Spectacular Countryside just a short way from London

Time Out Country Walks near London (Risborough to Wendover)

Walk 52

This walk is easy to follow, being mainly along the Ridgeway and is very much uphill and downhill, but not strenuously so. The way is predominantly through high beech woods and chalk downlands, including the Grangelands Nature Reserve and has views out from Coombe Hill over the Vale of Aylesbury and surrounding counties. The walk ends by descending into the pleasant old town of Wendover.

The town of Princes Risborough derives its name from the Black Prince who in 1343 was lord of the manor.

This area was first settled by farmers in neolithic times, around 4,000BC, and was defended by a line of hilltop forts linked by the broad Icknield Way which can be traced from Dorset to Norfolk and on this walk survives as the narrow Ridgeway. Remains of such forts can be found on Pulpit Hill and Coombe Hill.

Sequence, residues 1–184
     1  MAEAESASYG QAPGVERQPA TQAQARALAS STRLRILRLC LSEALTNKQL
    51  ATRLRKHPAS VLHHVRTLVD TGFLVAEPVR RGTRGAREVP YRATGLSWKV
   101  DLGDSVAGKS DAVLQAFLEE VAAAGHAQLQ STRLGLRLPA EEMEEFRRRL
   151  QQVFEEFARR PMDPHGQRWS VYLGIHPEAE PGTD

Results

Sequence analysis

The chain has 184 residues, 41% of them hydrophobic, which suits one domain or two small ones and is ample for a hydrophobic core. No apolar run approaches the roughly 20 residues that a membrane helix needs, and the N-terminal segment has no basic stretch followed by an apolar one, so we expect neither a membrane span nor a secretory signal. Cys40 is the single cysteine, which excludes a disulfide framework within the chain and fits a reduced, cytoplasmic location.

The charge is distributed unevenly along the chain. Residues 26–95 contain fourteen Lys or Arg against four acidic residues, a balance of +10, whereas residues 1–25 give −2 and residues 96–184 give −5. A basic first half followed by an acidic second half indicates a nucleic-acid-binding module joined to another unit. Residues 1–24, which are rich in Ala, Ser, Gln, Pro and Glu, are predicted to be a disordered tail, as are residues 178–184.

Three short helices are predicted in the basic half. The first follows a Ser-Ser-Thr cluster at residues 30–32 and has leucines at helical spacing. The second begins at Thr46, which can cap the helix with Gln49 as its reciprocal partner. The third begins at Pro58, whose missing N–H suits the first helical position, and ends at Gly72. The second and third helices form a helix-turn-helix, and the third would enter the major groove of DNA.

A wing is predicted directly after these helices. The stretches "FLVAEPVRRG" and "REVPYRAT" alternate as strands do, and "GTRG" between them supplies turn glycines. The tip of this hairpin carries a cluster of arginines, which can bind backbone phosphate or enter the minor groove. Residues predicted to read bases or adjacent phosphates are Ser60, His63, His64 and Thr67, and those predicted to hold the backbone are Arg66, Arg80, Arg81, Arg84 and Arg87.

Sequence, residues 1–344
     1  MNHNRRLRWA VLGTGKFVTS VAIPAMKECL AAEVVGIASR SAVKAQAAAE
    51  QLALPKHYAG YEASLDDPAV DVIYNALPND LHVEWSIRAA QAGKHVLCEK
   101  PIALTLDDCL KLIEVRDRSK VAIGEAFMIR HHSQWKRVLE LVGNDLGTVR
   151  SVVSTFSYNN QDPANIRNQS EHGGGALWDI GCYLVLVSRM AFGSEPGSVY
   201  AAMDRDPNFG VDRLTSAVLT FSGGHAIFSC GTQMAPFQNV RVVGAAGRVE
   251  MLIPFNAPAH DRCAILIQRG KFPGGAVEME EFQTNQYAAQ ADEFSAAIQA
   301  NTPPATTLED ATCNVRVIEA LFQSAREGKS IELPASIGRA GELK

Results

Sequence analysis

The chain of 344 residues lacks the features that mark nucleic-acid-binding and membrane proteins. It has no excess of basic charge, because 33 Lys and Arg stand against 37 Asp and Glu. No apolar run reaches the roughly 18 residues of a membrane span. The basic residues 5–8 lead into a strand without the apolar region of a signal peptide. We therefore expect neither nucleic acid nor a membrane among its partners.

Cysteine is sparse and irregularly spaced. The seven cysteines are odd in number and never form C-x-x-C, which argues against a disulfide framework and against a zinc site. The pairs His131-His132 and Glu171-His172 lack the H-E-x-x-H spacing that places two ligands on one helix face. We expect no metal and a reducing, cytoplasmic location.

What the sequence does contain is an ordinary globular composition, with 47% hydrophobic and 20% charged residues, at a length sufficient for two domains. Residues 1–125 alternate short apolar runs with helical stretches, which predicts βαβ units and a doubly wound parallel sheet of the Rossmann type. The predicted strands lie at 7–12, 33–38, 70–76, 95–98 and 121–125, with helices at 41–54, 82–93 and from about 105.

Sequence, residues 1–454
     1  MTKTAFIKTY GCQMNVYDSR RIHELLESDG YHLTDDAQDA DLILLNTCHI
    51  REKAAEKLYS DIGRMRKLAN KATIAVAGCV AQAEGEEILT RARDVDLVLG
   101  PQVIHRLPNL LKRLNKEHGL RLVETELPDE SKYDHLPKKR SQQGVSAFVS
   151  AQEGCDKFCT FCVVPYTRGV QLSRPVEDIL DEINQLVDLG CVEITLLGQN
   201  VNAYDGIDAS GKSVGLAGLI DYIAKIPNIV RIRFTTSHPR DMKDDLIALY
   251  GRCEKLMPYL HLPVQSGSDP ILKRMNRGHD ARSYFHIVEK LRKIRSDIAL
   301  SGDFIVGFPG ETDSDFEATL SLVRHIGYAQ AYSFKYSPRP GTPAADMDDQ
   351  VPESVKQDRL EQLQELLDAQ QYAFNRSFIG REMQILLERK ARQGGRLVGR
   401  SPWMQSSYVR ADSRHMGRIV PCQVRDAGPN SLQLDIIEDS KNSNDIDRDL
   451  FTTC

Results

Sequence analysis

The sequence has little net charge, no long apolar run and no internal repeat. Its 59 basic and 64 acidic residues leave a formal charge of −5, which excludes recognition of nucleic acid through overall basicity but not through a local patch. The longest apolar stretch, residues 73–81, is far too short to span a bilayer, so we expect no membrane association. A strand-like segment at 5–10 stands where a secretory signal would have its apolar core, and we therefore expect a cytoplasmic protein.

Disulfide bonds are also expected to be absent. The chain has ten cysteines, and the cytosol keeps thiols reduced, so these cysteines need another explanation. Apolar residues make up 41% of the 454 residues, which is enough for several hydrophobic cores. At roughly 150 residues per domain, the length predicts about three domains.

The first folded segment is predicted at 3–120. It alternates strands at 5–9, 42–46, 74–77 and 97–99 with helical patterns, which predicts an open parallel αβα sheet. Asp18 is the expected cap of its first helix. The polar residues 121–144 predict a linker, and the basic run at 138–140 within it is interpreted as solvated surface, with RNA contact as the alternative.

Whiteleaf Cross, carved into a hillside, is thought to commemorate a victory over the Danes.

Chequers, the prime minister’s country retreat, was given for this purpose to the nation by Lord and Lady Lee of Fareham in 1921. Lady Mary Grey, sister of Lady Jane Grey, was imprisoned in Chequers in 1566 and the house was later owned by a grandson of Oliver Cromwell.

Wendover‘s name comes from the Anglo-Saxon ‘wand’ (winding) ‘ofer’ (bank). In 1600, the town had one pub for every 50 inhabitants. Wendover became the property of the crown and was given by Henry VIII to his wife Catherine of Aragon. It had John Hampden as its MP during the five parliaments leading up to the Civil War. He was one of the MPs whose attempted seizure by Charles I led to the Civil War.

Ridgeway sign